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Saccoccio v. Relin

May 7, 2007


The opinion of the court was delivered by: Denise Cote, District Judge


Defendant Relin Goldstein & Crane, LLP, ("RGC") has moved to transfer this action to the Western District of New York, where it is located. Plaintiff Jacqueline Saccoccio ("Saccoccio") opposes the transfer. Pursuant to 28 U.S.C. § 1404 ("Section 1404"), the motion to transfer is denied.


On December 12, 2006, the plaintiff, a resident and citizen of Connecticut, filed a complaint in this district against RGC, a law firm organized as a limited liability partnership in New York with a principal place of business in Rochester, New York. Saccoccio contends that the defendant is a "debt collector" as defined by the Fair Debt Collection Practices Act ("FDCPA"), 15 U.S.C. § 1692a(6), and that on or about April 4, 2006, RGC mailed her a letter seeking to collect $643.46 that she allegedly owed to one of its clients. The plaintiff claims that RGC thereby failed to disclose that it was attempting to collect a debt, failed to furnish required debt validation information, and engaged in false, deceptive and misleading practices in violation of various provisions of the FDCPA, 15 U.S.C. § 1692, et seq. Saccoccio seeks actual damages and statutory damages, costs, and attorney fees.


The standard for a motion to transfer venue pursuant to Section 1404 is well established. Section 1404 provides that "[f]or the convenience of parties and witnesses, in the interest of justice, a district court may transfer any civil action to any other district or division where it might have been brought." 28 U.S.C. § 1404(a). A district court has broad discretion to grant or deny motions to transfer and makes its determination based on "notions of convenience and fairness on a case-by-case basis." D.H. Blair & Co., Inc. v. Gottdiener, 462 F.3d 95, 106 (2d Cir. 2006); see also Azari v. B & H Photo Video, 06 Civ. 7825 (DLC), 2007 WL 13101, at *1-2 (S.D.N.Y. Jan. 3, 2007). The movant bears the burden of establishing that transfer is warranted. Azari, 2007 WL 13101, at *1. If the transferee court also has jurisdiction over the case, the court must determine whether, considering the "convenience of parties and witnesses" and the "interest of justice," a transfer is appropriate. Id. The factors a court considers in making that determination include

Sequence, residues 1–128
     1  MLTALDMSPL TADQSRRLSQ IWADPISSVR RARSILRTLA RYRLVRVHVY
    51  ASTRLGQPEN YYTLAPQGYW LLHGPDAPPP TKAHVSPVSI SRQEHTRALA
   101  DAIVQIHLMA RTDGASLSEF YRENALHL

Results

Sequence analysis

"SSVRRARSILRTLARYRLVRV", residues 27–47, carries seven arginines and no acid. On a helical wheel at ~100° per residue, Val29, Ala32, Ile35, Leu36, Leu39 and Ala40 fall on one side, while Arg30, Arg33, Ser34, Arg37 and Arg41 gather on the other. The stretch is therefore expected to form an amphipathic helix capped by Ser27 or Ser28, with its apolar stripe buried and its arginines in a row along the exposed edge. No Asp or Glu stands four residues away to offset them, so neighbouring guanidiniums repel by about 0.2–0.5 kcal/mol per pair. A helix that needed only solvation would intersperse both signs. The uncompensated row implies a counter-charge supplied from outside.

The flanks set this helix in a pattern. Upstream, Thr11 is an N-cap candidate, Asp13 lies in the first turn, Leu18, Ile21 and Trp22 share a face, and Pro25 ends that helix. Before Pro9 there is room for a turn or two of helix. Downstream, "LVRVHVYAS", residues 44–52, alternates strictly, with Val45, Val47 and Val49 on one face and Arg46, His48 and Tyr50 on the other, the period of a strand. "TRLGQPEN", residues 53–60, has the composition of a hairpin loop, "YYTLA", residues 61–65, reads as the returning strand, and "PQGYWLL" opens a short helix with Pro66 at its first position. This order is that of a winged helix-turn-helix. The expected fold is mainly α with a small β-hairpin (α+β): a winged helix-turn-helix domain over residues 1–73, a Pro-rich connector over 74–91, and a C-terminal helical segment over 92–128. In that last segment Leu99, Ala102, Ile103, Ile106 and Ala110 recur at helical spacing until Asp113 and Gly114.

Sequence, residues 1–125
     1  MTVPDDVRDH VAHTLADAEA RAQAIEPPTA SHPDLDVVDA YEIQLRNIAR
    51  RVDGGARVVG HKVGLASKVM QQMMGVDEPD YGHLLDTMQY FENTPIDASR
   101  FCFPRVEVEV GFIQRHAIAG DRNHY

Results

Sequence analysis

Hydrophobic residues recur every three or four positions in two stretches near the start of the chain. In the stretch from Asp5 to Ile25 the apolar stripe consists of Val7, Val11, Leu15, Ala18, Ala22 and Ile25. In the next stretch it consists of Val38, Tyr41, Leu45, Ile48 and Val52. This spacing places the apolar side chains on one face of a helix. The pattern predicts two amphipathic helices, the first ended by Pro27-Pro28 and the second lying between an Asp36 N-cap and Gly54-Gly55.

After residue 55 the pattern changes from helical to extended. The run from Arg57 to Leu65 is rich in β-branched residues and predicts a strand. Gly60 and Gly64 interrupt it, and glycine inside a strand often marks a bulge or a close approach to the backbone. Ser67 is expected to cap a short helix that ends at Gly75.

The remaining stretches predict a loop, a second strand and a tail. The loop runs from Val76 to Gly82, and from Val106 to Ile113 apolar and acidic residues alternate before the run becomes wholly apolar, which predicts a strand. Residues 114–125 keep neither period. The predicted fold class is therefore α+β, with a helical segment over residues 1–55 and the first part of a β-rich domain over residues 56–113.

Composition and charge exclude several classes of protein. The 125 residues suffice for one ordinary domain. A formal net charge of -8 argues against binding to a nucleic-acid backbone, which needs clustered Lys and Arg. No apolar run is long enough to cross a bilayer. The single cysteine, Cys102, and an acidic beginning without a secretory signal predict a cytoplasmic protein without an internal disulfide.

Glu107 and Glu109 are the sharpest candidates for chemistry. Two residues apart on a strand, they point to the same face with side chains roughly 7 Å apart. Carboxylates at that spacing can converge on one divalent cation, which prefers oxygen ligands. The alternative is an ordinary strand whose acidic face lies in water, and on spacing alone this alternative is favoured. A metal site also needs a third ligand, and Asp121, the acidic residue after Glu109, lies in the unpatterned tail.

(1) the plaintiff's choice of forum, (2) the convenience of witnesses, (3) the location of relevant documents and relative ease of access to sources of proof, (4) the convenience of parties, (5) the locus of operative facts, (6) the availability of process to compel the attendance of unwilling witnesses, [and] (7) the relative means of the parties.

D.H. Blair, 462 F.3d at 106-07 (citation omitted). A court may also consider "the forum's familiarity with the governing law," and "trial efficiency and the interest of justice, based on the totality of the circumstances." Berman v. Informix Corp., 30 F. Supp. 2d 653, 657 (S.D.N.Y. 1998). The plaintiff's choice of forum should not be disturbed "unless the defendants make a clear and convincing showing that the balance of convenience favors defendants' choice." Id. at 656 (citation omitted).